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Free 15-Minute Music Lesson on Britten’s A Ceremony of Carols

Last December I taught a really neat live class for the Music in Our Homeschool Plus membership. I was all about Benjamin Britten’s A Ceremony of Carols, which I wasn’t very familiar with before I prepared for teach the class. Today, I have a short version for you. Enjoy this free 15-Minute Music Lesson on Britten’s Ceremony of Carols.

Free 15-Minute Music Lesson from Music in Our Homeschool: Benjamin Britten A Ceremony of Carols Music Lesson Printable Pack

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15-Minute Music Lesson on Britten’s Ceremony of Carols

Biography of Britten:

Benjamin Britten, a composer born in England in 1913, penned a range of musical pieces, from operas to orchestral and vocal compositions. His notable works include the opera Peter Grimes (1945), the War Requiem (1962), and a captivating orchestral piece for kids called The Young Person’s Guide to the Orchestra (1945).

From an early age, Britten showed a passion for music. His mother initiated his piano and notation lessons, and he began composing music at just five years old. He delved deeper into music by starting piano lessons at seven and learning the viola at ten. Interestingly, he grew up without recorded music as his father avoided having a gramophone or radio at home.

The Young Person’s Guide to the Orchestra was designed to teach children about orchestral instruments. It features a theme by Henry Purcell, an English composer from centuries earlier. The piece showcases each instrument family, guiding listeners through woodwinds, strings, brass, and percussion. After this exploration, a lively original section reunites the entire orchestra.

A Ceremony of Carols

Another remarkable composition is Britten’s A Ceremony of Carols which he composed in 1942 during his sea voyage back to England during World War II. It’s a 25-minute choral work for Christmas. Originally scored for a women’s chorus, it can also be sung by a children’s choir. The text, sourced from The English Galaxy of Shorter Poems, is in Middle English, Latin, and Early Modern English.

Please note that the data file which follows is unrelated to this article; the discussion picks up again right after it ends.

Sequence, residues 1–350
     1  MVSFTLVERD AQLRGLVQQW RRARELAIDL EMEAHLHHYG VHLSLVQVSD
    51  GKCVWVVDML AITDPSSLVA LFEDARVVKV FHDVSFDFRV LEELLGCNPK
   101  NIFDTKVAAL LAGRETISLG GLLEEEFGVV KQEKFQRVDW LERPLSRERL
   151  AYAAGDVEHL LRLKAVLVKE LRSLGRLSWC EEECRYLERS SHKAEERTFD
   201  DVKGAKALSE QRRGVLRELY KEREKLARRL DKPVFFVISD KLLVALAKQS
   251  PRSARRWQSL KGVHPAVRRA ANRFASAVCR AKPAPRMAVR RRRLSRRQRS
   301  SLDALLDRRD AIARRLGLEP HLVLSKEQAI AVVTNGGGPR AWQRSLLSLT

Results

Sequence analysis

The composition features diverse movements, each with a unique tone and story. From the celebratory “Wolcum Yole!” to the reverent “There is No Rose,” these movements paint a rich musical picture of the Christmas story, offering different moods and perspectives.


Britten’s choice of instruments was also distinctive. A Ceremony of Carols prominently features the harp, a historically significant instrument dating back to ancient civilizations. The harp used in this composition, the concert or pedal harp, enhances the ethereal and celestial feel of the music.

Listen to Some of A Ceremony of Carols

There are 12 movements in all, but we will only listen to a few for today’s 15-Minute Music Lesson on Britten’s Ceremony of Carols.

1. Procession “Hodie Christus natus est”

“Hodie Christus natus est” is a Gregorian antiphon to the Magnificat at Second Vespers of Christmas. It is sung exclusively by the sopranos and is patterned on a traditional processional in Christian church service. It has no time signature and can be sung in a flexible tempo. The last several measures can be repeated to allow the whole ensemble to take their places.
Hodie Christus natus est:
hodie Salvator apparuit:
hodie in terra canunt angeli:
laetantur archangeli:
hodie exsultant justi, dicentes:
Gloria in excelsis Deo.

7. This Little Babe

The piece “This Little Babe,” stands out among the other movements for its distinct portrayal of a confrontation between the infant and Satan, symbolizing the clash of good versus evil. It achieves this through its swift tempo, polyrhythmic elements, overlapping vocal segments, and a gradual crescendo throughout the movement. The lyrics were penned by Robert Southwell.

According to Jeff Spurgeon of New York’s classical music station, WQXR, “In Southwell’s verses and Britten’s musical interpretation, the battle between good and evil is depicted triumphantly by “a baby born in obscure poverty.” This portrayal stands in contrast to grand orchestral arrangements and massive vocal ensembles, instead employing a harp and a choir of children.”

This little Babe so few days old,
Is come to rifle Satan’s fold;
All hell doth at his presence quake,
Though he himself for cold do shake;
For in this weak unarmèd wise
The gates of hell he will surprise.
With tears he fights and wins the field,
His naked breast stands for a shield;
His battering shot are babish cries,